Superior off-road capability; first-rate build and interior quality; good driving dynamics; torquey and fuel-efficient turbodiesel V6
Indifferent fuel economy, except the diesel; diesel engine gets a little noisy; pricy upper-level models
Every Grand Cherokee is now slightly lighter because Jeep has installed aluminum suspension parts to replace steel components. Less weight brings benefits in fuel consumption and dynamics.
The shift lever has also changed. Drivers no longer have to select a gear by going through a stepped slot. This one just requires nudges -- push forward for park, pull back for drive and all stops in between.
With the exception of the high-performance SRT and diesel-powered versions, steering assistance now comes from an electric system. This brings an economy benefit and allows the model to be compatible with any active driver safety systems that might become available.
The 3.6-liter gasoline V6 has been updated for improvements in power and fuel efficiency, including a start/stop function. Jeep has also introduced a High Altitude trim, and the SRT receives new selectable driving modes, along with a re-designed instrument cluster housing a centrally located tachometer, because driving enthusiasts are considered to be more interested in engine speed than road speed.
Thanks to its extraordinary fuel economy and effortless low-end torque, the diesel version is the ideal choice, but a Limited with the 3.6-liter gasoline V6 should please most people a majority of the time.
The 2016 Jeep Grand Cherokee is available in Laredo, Limited, Overland, Summit and SRT forms.
The Laredo ($30,990) is the entry-level model, but it still comes with a decent interior. The dashboard and door panels are mostly covered in premium materials, and the list of standard equipment is generous. This model includes 17-inch alloy wheels, keyless entry/start, Bluetooth, a 5-in touchscreen interface and a 6-speaker audio system.
At the Limited ($38,360) and Overland ($45,190) levels, cabin quality resembles BMW or Land Rover. Notable standard features include a power lift gate, power front seats with driver memory functions, heated front and rear seats, a rearview camera and a 9-speaker audio system. The Overland has 20-in wheels, xenon headlights, a panoramic sunroof, a power-adjustable steering wheel with wood trim, a 8.4-in touchscreen with navigation, premium leather upholstery and cooled front seats.
The Summit ($50,590) comes standard with practically every upgrade available, including adaptive cruise control, collision warning, blind spot monitoring, active noise cancellation, an extended wood trim and a 19-speaker Harman Kardon audio system.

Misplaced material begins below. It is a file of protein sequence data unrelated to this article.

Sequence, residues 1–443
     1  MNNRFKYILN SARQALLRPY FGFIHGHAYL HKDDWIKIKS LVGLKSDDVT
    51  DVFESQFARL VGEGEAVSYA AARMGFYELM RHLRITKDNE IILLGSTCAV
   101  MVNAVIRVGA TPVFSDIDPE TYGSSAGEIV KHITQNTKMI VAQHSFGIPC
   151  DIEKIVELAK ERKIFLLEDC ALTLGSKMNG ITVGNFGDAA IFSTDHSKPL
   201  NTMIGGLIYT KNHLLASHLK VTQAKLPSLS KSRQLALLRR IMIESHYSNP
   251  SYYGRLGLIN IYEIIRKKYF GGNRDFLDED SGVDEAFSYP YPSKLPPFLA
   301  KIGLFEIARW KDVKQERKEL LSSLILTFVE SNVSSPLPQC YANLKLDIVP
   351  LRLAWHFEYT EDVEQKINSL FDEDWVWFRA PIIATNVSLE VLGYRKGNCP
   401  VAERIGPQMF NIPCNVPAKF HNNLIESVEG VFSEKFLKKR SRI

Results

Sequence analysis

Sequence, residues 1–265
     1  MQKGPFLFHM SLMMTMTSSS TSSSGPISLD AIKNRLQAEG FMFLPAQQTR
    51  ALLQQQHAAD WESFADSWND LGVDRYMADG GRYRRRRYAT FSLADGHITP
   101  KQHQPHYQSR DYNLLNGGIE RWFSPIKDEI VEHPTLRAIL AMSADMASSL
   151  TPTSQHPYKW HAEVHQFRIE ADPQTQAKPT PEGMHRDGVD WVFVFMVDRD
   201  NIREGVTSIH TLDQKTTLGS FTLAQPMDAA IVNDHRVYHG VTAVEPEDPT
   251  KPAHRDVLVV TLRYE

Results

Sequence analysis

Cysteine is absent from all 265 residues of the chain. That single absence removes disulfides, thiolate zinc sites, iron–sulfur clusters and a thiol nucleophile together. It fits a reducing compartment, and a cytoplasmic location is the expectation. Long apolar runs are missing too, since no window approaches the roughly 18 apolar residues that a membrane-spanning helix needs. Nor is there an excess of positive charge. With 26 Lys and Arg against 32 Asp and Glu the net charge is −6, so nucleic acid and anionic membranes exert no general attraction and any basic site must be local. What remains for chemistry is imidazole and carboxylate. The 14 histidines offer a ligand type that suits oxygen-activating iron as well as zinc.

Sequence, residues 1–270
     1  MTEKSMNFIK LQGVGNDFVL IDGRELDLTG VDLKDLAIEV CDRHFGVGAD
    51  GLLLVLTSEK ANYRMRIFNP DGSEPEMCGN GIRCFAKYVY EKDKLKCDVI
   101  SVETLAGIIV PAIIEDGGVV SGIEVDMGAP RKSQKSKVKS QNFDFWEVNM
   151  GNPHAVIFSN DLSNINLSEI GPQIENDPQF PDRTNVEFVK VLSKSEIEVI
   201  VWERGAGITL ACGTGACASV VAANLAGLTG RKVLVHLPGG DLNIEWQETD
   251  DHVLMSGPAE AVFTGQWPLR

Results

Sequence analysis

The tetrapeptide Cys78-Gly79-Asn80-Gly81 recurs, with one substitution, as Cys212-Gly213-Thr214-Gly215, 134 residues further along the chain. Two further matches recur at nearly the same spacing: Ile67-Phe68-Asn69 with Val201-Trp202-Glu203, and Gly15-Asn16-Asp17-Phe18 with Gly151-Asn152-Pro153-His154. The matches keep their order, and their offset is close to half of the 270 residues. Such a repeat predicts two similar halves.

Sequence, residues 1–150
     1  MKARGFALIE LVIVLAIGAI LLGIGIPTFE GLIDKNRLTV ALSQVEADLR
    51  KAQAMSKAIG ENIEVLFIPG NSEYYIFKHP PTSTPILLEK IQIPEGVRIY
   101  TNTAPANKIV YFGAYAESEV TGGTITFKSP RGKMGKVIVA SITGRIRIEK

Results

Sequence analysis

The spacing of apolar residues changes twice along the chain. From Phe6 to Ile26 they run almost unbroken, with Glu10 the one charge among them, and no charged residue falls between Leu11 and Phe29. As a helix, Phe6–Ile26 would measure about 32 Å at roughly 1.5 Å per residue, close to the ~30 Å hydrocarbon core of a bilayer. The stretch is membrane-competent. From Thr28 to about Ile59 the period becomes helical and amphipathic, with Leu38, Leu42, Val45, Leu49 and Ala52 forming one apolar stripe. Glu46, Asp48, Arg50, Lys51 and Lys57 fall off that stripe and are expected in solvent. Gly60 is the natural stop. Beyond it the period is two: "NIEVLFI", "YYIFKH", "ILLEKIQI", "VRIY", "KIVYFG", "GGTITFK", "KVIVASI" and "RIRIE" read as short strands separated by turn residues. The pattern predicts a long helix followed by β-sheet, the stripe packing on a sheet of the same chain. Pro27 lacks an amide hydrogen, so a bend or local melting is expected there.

The performance-oriented SRT ($66,490) enjoys a 6.4-liter V8 and a lowered suspension that naturally compromises Jeep's traditional go-anywhere approach. And when it does go somewhere, it's quick.
Many features that are standard in pricier versions are optional on lower trim levels. Other extras include a rear-seat entertainment system with Blu-ray capability and a towing package.
The SRT aside, the Grand Cherokee comes with rear-wheel drive as standard. The all-wheel-drive systems on offer require some explanation.
Laredo trims feature the Quadra-Trac I permanent all-wheel drive setup.
Quadra-Trac II, with a 2-speed transfer case for greater off-road ability, can be installed in the Laredo, but is the default system in the Limited and Overland.
Quadra-Drive II is optional on all-wheel-drive Limited and Overland variants, and standard on the all-wheel-drive Summit. It adds an electronic limited-slip rear differential.
Selec-Terrain is paired with the above systems. It's a feature that has pre-programmed settings of engine response, gearshift points, suspension and hill descent control for optimum traction on tricky surfaces, such as rocks, sand and snow.
Extra comfort for all-wheel-drive versions comes from the Quadra-Lift optional air suspension that can also lower the vehicle for better aerodynamics or raise it for higher ground clearance. It operates automatically or manually.
Maximum cargo space with the rear seats folded is 68.3 cu ft. And there are two removable storage bins under the trunk floor that are ideal for muddy items.
Jeep's 75th anniversary is marked by special-edition 2016 models based on pre-existing trim levels, but adding various cosmetic differences (green paint, bronze highlights and tweaked headlamp designs) plus a few extras, such as a heated steering wheel.
A High Altitude package is based on the Overland, but has a sportier suspension tune, some cosmetic differences and several active safety features.
|Basic||3 Years/36,000 Miles|
|Drivetrain||5 Years/60,000 Miles|
|Corrosion||5 Years/Unlimited Miles|
|Roadside Assistance||5 Years/100,000 Miles|
2016 Ford Explorer -- The usual rival to a Grand Cherokee has become more of a crossover than a bona fide sport ute. It comes with third-row seating, and instead of a big V8, the Explorer employs a turbocharged V6.
2016 Lexus RX 350 -- The Lexus RX is new for 2016. Though it's not renowned for any off-road ability, it's one of the best-selling premium midsize crossovers.
2016 Volkswagen Touareg -- Although the Touareg can't match the Grand Cherokee's sophisticated all-wheel-drive skill set, it's still adept at medium-duty off-roading. And its on-road manners are impeccable.
Used Mercedes-Benz M-Class -- If you're willing to spend somewhere in the low to mid 30s region, a 2013 M-Class is feasible. It comes with great engines, superb build and high-class ambiance. And someone else has already taken the depreciation hit.